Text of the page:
Thursday, January 7, 2010

Book Review - Children's - The Storm in the Barn

The Storm in the Barn
Matt Phelan
Children's Fiction

Kansas, 1937: the Dust Bowl may be coming to an end, but the farmers and families who have had their livelihoods ravaged by the drought have no way of knowing that. In a small town, young Jack Clark and his family eke out a miserable existence. In town, Jack is constantly bullied by the local kids. At home, his father treats him as if he has nothing to offer. Jack’s older sister, Dorothy—her lungs ravaged by the dust clouds—reads him stories about the land of Oz, while Jack keeps an eye on their younger sister, Mabel.

Meanwhile, Jack witnesses some strange goings-on in a nearby barn. Gazing out across the dusty plains late at night, he sees bursts of light coming from inside the building. When he goes to investigate, he finds a puddle of water, with no visible source. How is this possible, in the midst of a drought that is ruining lives and destroying families?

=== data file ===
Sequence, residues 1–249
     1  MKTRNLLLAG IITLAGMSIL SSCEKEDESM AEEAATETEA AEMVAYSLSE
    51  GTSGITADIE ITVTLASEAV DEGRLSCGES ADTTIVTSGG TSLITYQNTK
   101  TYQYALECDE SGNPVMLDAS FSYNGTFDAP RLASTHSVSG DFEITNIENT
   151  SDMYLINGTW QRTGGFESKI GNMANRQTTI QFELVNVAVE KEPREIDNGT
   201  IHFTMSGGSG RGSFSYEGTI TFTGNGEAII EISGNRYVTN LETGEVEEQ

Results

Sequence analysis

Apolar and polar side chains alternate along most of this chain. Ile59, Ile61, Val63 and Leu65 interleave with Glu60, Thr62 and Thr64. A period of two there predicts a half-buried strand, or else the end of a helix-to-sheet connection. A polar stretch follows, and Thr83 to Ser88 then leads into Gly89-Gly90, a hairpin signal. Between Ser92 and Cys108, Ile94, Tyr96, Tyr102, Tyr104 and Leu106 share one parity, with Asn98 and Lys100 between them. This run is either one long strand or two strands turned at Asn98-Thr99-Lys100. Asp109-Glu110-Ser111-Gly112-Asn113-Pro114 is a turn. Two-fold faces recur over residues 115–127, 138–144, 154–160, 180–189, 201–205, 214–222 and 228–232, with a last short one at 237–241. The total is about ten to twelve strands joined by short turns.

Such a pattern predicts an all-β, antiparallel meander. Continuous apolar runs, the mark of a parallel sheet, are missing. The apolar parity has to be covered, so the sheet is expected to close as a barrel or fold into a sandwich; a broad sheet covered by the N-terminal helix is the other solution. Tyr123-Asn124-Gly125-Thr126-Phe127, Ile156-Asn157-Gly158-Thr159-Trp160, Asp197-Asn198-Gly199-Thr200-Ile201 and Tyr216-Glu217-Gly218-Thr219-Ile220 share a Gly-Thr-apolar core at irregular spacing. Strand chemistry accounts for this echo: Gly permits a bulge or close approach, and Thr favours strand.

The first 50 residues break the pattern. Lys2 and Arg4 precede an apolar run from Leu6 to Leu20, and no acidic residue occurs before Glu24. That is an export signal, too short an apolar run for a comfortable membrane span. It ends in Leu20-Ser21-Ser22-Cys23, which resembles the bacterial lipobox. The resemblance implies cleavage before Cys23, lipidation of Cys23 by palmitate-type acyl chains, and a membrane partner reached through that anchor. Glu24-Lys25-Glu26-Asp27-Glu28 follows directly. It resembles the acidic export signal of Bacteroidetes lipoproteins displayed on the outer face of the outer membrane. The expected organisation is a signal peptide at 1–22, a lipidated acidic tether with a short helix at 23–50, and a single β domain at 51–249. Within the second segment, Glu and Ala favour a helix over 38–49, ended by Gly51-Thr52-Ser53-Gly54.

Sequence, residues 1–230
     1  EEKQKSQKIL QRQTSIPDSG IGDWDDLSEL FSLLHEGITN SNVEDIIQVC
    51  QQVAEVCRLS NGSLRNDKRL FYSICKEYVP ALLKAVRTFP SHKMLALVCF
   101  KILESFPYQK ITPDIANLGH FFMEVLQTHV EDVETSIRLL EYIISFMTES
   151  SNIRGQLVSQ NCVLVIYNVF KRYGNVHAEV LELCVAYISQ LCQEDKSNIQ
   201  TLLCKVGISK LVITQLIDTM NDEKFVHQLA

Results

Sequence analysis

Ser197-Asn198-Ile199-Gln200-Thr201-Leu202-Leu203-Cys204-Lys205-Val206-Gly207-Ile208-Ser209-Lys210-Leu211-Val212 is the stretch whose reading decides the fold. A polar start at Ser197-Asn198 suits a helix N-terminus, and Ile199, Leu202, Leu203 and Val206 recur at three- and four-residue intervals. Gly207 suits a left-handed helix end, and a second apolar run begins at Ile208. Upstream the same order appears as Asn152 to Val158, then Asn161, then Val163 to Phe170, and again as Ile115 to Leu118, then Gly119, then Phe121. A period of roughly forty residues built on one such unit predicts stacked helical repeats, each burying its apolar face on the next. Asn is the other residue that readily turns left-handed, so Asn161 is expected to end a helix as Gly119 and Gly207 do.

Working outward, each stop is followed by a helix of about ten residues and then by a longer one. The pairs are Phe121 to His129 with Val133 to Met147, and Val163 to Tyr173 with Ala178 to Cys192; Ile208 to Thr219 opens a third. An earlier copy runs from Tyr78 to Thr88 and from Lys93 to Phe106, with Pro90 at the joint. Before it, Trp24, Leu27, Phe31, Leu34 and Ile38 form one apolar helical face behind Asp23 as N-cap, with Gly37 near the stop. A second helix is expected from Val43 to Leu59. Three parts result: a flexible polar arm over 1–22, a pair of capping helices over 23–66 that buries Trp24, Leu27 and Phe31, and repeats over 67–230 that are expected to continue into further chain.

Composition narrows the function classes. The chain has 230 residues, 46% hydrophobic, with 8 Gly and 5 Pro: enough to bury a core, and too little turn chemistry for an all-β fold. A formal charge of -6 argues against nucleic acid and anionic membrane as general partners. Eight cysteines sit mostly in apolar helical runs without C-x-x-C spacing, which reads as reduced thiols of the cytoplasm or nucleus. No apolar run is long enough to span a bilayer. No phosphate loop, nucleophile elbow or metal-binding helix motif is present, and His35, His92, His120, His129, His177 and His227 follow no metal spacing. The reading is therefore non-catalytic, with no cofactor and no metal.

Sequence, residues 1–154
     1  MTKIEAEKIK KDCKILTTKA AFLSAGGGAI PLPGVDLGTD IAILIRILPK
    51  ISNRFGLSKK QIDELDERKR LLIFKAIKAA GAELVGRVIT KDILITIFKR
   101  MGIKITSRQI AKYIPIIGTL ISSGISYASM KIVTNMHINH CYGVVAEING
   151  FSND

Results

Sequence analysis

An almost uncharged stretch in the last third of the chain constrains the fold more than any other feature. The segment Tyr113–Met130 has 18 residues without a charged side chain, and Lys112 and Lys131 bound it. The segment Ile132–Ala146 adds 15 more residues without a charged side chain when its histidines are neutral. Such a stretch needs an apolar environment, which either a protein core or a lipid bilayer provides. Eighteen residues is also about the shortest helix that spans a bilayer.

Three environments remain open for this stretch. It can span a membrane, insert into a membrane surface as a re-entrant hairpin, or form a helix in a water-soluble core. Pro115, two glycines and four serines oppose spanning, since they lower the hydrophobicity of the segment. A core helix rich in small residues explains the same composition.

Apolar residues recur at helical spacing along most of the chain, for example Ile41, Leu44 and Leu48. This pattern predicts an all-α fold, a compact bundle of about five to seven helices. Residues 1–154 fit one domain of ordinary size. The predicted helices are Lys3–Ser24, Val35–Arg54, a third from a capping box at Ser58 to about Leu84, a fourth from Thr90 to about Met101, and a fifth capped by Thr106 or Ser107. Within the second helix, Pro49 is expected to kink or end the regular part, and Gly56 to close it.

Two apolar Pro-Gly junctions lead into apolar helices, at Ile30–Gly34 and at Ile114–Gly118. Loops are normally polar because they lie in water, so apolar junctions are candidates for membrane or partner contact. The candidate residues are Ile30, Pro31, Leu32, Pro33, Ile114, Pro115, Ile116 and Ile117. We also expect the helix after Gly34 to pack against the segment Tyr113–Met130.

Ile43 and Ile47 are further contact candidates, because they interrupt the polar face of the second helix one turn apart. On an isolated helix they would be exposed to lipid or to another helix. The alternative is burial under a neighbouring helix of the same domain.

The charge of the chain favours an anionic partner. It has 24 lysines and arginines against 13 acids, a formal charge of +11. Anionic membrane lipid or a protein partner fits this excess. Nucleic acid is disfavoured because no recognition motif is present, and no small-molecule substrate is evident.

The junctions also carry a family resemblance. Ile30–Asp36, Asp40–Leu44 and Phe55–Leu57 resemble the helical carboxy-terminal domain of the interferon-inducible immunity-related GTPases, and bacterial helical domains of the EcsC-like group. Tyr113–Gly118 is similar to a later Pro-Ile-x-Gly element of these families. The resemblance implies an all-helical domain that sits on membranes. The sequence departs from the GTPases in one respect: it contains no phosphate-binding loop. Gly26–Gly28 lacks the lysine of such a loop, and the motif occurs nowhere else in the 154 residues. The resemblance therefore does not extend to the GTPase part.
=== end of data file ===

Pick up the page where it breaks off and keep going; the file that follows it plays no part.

Matt Phelan makes something of a double-debut here. While he has illustrated numerous books for other authors, this is the first book he has written. It’s also his first graphic novel. It has the feel of an American tall tale or myth, which is clearly intentional; by referencing L. Frank Baum’s Oz stories and the Jack tales of folklore, Phelan pretty much is wearing his influences on his sleeves.

He tells his story the way an artist would, with the visuals doing as much—or even more—of the work than the words. He’s not afraid of long stretches of silence, with no words at all. He uses a limited palate of browns and yellows to depict the Dust Bowl-ravaged town, with things becoming more blue and gray as the story approaches its stormy climax. Characters are drawn in black and white, deliberately intended to resemble historical photographs. Like the Wizard of Oz movie, he uses full color when stories are being told. The artistic effects are all subtle, but very effective.

This is a story set during the Dust Bowl, but it isn’t a story about it. It’s hard to imagine the story being set in any other place, or at any other period, but this isn’t a textbook. The trappings—the dry, dusty weather, the poverty, even an upsetting scene showing the mass slaughter of jackrabbits—all serve to further the story. Matt Phelan has added something new to American mythology. While this book was produced and published for young readers, it’s a story that adults will find enjoyable as well.

Highly recommended.

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